Decisions, Decisions…

I love fall and everything that that comes with it, changing leaves, cooler days and nights, fall festivals, kettle corn, deer season, high school and college football, boiled peanuts and fresh picked apples just to name a few. No wait…make that almost everything. I’m not a fan of pumpkin spice ANYTHING…but that’s a different story.

Fall is also my favorite time of the year to go camping. Doesn’t matter whether its car camping with the family at one of our state parks, camping along a backwoods trail or just in the back yard with the kids, it’s my time to be outside. In the not too distant past fall family camping was pretty easy…just pitch the big family tent, blow up the air mattresses or set up the cots, roll out the sleeping bags and crawl in. Back country camping was even easier, pitch the tent and roll out the sleeping pads and bags…done!

However, since we’ve gotten into hammock camping things have become a bit muddier. Summer and winter aren’t too difficult to plan for – simply use hot weather gear in the summer and cold weather gear in the winter and add or shed layers of clothes as necessary for fine tuning. Fall and spring nights, when it’s not quite cold and not quite hot, are a bit trickier and usually require various combinations of top quilts, under quilts and clothing to be comfortable.   As far as gear goes, we have top quilts made of fleece, converted sleeping bags, army surplus poncho liners and 5 oz. Climashield Apex and underquilts made of poncho liners and 5 oz. Climashield Apex to choose from. Decisions, decisions…

This weekend the low temperatures were forecast to be in the mid 50s. Since our house is in a low place and cold air sinks, it’s often two or three degrees cooler (assuming the forecast was somewhat accurate to begin with).  So what gear combinations did we end up using?

Jenna settled on the converted 40 degree sleeping bag top quilt and her poncho liner underquilt while wearing a t-shirt, long sleep pants and a pair of socks.


I ended up using a poncho-liner top quilt and my full length Climashield underquilt while wearing a long sleeve cotton t-shirt, a pair of sweat pants and a pair of wool socks.


So how did we fare? As it turned out, the overnight the temperature Saturday night bottomed out around 50 in our back yard.  As I write this post Jenna is still sacked out so it pretty safe to assume that she stayed warm. Me? Well, I stayed plenty warm and toasty. No complaints at all here. Guess we both made good decisions.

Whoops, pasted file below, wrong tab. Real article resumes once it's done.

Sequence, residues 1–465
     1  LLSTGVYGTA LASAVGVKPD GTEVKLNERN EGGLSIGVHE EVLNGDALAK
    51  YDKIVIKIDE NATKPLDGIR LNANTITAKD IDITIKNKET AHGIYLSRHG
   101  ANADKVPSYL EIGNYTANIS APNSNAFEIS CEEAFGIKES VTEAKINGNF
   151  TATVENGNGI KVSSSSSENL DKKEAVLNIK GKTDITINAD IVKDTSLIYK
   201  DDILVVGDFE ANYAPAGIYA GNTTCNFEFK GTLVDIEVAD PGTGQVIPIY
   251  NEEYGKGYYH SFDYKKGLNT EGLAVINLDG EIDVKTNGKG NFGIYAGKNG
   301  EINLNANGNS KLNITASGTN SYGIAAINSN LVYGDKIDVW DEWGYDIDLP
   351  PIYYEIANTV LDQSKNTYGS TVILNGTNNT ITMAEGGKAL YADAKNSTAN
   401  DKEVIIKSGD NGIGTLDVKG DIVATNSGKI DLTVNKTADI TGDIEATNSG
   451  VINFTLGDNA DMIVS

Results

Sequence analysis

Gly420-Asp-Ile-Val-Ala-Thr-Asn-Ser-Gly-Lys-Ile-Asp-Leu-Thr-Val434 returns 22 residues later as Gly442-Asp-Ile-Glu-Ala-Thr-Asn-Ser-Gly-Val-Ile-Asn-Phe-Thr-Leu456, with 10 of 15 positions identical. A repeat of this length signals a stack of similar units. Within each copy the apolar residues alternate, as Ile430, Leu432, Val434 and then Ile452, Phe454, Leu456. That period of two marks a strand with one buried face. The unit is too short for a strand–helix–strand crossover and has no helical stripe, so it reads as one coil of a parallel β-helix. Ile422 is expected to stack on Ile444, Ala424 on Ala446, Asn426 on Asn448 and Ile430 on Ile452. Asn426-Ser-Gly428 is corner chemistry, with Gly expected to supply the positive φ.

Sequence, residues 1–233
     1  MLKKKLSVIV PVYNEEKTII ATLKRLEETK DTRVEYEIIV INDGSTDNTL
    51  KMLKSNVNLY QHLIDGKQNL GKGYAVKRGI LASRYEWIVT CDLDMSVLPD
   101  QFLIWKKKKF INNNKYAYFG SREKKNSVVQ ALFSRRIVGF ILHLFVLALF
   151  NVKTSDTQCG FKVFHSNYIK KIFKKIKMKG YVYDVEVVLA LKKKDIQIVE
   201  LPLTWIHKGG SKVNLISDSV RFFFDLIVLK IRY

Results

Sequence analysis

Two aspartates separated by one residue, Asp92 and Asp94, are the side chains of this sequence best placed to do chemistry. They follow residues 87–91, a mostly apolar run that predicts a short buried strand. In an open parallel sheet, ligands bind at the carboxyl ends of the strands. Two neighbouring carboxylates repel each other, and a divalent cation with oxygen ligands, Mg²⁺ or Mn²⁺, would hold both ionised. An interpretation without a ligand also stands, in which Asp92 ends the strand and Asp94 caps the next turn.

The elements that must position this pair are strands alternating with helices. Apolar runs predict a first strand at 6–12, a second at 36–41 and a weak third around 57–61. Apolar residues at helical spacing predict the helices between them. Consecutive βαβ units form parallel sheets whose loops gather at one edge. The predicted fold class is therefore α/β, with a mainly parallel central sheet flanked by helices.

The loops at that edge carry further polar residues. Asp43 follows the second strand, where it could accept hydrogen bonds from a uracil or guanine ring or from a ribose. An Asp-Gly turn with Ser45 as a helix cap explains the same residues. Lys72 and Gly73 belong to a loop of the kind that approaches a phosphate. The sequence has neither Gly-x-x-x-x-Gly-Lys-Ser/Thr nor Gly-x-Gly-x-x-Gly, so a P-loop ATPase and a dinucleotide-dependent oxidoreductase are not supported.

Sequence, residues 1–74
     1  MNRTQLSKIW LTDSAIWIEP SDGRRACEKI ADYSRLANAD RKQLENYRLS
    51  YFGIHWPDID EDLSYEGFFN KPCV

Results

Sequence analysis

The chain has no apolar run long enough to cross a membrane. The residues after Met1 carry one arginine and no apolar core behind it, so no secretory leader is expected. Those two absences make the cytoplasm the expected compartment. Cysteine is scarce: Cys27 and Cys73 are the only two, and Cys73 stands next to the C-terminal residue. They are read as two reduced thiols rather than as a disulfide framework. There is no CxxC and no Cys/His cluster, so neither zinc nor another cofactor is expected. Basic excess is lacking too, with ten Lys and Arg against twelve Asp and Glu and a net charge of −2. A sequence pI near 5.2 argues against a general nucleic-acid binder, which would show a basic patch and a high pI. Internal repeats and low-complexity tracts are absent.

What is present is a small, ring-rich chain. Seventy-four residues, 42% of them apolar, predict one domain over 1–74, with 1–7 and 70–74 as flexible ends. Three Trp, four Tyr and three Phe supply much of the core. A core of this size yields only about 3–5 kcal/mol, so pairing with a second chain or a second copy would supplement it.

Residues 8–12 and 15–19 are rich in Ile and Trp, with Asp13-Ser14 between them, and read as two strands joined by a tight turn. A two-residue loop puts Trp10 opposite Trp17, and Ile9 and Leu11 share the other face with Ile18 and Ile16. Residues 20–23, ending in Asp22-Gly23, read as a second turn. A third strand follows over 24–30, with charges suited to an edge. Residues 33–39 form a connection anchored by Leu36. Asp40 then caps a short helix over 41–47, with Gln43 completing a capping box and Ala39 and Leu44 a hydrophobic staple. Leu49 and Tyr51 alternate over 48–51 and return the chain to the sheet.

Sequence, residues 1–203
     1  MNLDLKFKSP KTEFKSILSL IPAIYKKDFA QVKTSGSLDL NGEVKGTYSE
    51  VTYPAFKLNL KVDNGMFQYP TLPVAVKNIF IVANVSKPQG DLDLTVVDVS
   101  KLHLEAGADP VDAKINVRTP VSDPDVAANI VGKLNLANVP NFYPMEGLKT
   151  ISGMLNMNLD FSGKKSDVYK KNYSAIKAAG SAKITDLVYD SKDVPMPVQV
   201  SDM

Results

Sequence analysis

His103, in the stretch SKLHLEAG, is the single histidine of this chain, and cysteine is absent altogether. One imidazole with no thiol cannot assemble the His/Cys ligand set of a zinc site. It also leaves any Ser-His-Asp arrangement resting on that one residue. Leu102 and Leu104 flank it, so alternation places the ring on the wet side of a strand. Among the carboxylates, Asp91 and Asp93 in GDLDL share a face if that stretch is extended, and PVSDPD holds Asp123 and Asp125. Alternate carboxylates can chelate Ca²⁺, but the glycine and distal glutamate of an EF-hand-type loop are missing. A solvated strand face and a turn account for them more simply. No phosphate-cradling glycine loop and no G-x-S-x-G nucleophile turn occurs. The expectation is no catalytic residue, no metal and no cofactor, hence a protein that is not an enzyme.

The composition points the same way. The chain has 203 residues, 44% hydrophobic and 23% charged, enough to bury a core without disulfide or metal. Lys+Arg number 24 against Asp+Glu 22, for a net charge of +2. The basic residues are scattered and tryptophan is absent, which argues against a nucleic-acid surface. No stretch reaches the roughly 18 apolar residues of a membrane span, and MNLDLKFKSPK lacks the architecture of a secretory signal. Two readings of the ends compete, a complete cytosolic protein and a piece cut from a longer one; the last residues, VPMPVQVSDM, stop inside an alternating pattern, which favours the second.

Oh yeah, thought I’d throw this out there. Until recently we used little mini carabiners and NiteIze S-biners to attach our underquilts to our hammocks. I picked up some Quilt Hangers from Dutchware a few weeks back that do the job much better. Easy on and easy off and quilt suspension lines split and go to the sides of the hammock body where they’re supposed to go instead of somewhere that they’re not. Check ‘em out…

Hanger 2

This entry was posted in Backpacking, Camping, Hammock, Hammock Camping, Hex Tarp, Make Your Own Gear, MYOG, Top Quilt. Bookmark the permalink.

2 Responses to Decisions, Decisions…

  1. Katheryn says:

    Is the underquilt necessary to be outside the hammock or could you line the inside with a quilt type thing and get the same results?
    We agree with you on the whole concept of fall being our favorite time of year, but, pumpkin rocks!


    • mrbream says:

      Short answer: Yes and no.

      Longer version: Most types of insulation (think sleeping bags, down comforters, etc) lose most of their insulating properties when compressed, meaning if they’re placed inside the hammock and you sleep directly on them. Underquilts are outside the hammock so they don’t get compressed.

      If you were to use something like fleece or wool blankets, folded over into multiple layers you could probably do OK in fall and spring but you would run into the challenge of keeping everything in place. You also add a LOT of weight and bulk. No big problem for backyard camping or car camping. Another possibility if you want to use something inside the hammock is a closed cell foam sleeping pad that backpackers use which you can get fairly cheaply at wallyworld. Again, its a bit challenging to keep them where they’re supposed to be.

      A good, inexpensive underquilt can be made from an army surplus poncho liner. I’ve made half a dozen. A warm sleeper can usually be pretty happy with one into the low 40s or maybe a little lower. Jenna and I have taken them near the freezing mark and been fine but we both sleep HOT.


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